This week, we take our current reality closer to our vision when Ethiopia launches the world’s largest Water and Sanitation (WASH) Sector Wide Approach (SWAP). Termed ONE WASH and supported by UNICEF, the international donor lead for WASH in Ethiopia; this huge undertaking terms ONE WASH National Programme (OWNP) brings together four national ministries- Water and Energy (MWE), Health (FMOH), Education (MOE), and Finance and Economic Development (MoFed) - in an innovative approach designed to meet Ethiopia’s Growth and Transformation (GTP) and universal access ambitions.
But what does this really mean?
Like UNICEF, there are many development partners and stakeholders which work in WASH. From the smallest Civil Society Organization (CSO) which collects enough money to build a small hand pump to the largest multilateral and development partners like UNICEF, the World Bank, DFID, African Development Bank (ADB), Government of Finland, JICA, and the European Union which fund million-birr community water schemes, every organization works in WASH, but in their own different ways. They have different priorities, different monitoring and evaluation mechanisms, different reporting requirements, and varying amounts of funding and financial reporting systems.
With ONE WASH, this will be no more. As the experience of countries like Mozambique where I previous worked as Chief of WASH for UNICEF suggests, combining efforts accelerates efforts to meet both GTP and the United Nation’s Millennium Development Goal (MDG 7) which is providing universal access to water and sanitation. It also helps reduce duplication of funding, efforts, and priorities. With ONE WASH, all stakeholders work together to produce one plan, all contributing to a consolidated WASH account at federal, and producing one report.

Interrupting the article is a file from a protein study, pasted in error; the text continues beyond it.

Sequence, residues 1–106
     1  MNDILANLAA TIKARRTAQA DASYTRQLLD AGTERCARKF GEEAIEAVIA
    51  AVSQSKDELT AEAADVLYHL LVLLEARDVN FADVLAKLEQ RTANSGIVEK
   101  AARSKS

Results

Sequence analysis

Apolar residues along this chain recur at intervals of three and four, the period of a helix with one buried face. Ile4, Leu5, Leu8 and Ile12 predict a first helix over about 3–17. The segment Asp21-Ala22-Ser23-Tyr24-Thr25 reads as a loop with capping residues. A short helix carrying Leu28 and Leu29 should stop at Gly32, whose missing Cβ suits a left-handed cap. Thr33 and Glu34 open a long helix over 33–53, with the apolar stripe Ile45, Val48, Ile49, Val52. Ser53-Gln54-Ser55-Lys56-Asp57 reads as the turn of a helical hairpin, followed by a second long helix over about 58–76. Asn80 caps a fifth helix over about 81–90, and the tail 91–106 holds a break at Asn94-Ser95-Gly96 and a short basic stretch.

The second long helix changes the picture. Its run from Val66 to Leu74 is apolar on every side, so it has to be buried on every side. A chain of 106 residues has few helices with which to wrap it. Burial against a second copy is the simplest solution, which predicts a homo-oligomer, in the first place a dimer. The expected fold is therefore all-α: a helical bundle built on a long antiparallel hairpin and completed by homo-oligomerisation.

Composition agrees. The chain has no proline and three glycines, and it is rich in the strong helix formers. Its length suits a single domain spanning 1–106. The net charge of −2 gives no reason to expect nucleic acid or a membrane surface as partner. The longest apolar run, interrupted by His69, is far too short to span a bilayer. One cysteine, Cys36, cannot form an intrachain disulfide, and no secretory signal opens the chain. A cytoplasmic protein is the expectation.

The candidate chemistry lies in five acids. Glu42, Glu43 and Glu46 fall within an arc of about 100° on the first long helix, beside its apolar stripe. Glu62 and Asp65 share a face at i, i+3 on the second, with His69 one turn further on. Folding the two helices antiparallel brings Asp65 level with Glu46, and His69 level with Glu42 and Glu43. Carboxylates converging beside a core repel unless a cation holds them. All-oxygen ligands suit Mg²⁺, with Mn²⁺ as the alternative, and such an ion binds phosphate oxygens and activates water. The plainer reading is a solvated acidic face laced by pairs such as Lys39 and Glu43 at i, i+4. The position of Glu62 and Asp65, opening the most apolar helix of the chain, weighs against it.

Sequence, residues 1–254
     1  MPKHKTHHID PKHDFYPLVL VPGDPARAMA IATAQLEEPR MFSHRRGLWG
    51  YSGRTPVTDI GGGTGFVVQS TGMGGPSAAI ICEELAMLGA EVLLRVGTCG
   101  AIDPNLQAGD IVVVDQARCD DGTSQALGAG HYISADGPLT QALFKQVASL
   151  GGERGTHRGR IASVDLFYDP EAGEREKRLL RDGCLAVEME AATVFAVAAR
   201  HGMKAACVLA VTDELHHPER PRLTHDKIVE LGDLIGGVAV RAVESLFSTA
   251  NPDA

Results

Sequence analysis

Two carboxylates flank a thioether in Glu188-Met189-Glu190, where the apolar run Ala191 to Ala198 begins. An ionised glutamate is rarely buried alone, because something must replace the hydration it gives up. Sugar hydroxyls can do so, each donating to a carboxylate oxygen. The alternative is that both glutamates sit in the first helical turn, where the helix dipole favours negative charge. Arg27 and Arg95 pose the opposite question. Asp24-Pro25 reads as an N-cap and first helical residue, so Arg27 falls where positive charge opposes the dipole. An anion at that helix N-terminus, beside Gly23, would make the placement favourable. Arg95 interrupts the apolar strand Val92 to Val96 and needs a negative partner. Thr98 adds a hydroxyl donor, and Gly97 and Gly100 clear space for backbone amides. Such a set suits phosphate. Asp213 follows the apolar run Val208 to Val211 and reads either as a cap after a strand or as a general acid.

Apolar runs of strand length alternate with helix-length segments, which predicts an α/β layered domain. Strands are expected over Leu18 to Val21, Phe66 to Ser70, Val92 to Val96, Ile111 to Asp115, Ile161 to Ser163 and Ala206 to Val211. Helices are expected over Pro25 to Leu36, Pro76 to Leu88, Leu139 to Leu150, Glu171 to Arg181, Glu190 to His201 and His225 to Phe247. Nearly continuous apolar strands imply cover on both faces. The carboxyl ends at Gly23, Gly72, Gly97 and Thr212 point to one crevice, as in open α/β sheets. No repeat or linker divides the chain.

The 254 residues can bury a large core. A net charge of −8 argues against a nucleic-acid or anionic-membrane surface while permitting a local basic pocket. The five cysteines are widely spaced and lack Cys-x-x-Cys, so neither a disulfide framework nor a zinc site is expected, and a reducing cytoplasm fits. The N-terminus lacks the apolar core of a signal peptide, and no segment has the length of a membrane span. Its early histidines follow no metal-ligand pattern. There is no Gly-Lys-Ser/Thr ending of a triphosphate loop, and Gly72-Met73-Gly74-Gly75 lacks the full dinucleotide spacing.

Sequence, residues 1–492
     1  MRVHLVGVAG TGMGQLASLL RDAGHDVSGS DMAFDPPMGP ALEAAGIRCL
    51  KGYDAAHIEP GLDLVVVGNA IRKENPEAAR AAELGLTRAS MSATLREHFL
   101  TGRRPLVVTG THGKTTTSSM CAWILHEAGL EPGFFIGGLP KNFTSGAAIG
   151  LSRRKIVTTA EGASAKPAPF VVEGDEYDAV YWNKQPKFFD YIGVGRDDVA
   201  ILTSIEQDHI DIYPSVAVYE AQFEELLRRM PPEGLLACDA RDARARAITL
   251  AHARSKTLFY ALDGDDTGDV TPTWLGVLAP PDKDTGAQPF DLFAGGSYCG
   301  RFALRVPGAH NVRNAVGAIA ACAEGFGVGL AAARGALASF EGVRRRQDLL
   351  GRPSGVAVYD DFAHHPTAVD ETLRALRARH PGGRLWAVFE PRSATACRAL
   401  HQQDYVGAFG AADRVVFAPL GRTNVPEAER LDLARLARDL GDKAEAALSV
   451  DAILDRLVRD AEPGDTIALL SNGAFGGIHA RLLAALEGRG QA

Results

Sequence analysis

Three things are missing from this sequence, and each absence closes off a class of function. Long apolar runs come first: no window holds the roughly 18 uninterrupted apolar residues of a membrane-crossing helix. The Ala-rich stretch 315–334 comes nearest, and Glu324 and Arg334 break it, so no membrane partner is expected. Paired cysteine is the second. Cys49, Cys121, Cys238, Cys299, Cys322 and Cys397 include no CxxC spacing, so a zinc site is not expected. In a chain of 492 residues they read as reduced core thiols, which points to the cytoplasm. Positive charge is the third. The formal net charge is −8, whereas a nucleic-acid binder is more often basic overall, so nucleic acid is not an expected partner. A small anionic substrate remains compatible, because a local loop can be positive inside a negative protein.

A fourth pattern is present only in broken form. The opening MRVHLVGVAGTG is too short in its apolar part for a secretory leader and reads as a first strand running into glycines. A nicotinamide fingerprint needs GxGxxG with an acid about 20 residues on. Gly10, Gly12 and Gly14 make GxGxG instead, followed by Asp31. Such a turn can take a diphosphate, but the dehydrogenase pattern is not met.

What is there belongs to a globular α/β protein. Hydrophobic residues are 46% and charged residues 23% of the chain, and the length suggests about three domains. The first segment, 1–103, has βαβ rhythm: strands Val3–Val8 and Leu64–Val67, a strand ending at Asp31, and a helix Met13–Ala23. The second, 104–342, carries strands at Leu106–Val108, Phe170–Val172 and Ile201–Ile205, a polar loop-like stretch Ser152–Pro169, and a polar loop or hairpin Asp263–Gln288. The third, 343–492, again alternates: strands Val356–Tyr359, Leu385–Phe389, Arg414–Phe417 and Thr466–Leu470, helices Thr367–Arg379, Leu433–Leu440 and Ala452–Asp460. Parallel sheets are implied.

And it does not stop there!
Successfully implementing ONE WASH requires over 18,000 additional skilled personnel of all types across the country. More contractors, water technicians, drilling companies, and higher education programmes with larger intake are all needed in the next 5-10 years. Based on my experience in other countries, I see the WASH sector personnel in Ethiopia becoming a bit like what is currently happening to X-ray technicians at the moment- there simply aren’t enough of them! And those who currently work as X-ray technicians are increasingly demanding higher wages and flexible working hours so that they can take on additional part-time work.
Ethiopia needs more contractors with well-trained and sufficient workforce of technicians, engineers, and office staff to meet its lofty water and sanitation goals. It needs more students in universities tackling subjects like Water Engineering, Water Technology, Sanitation Engineering, and others. Given the demand and forseeable shortage of professionals, I see these fields competing and perhaps winning the battle to attract talented students straight of high school. And this is not just about installing water schemes in remote parts of the country. This affects everyone from your small town favorite plumber to the ambitious school or hotel that uses solar energy to power its water pump.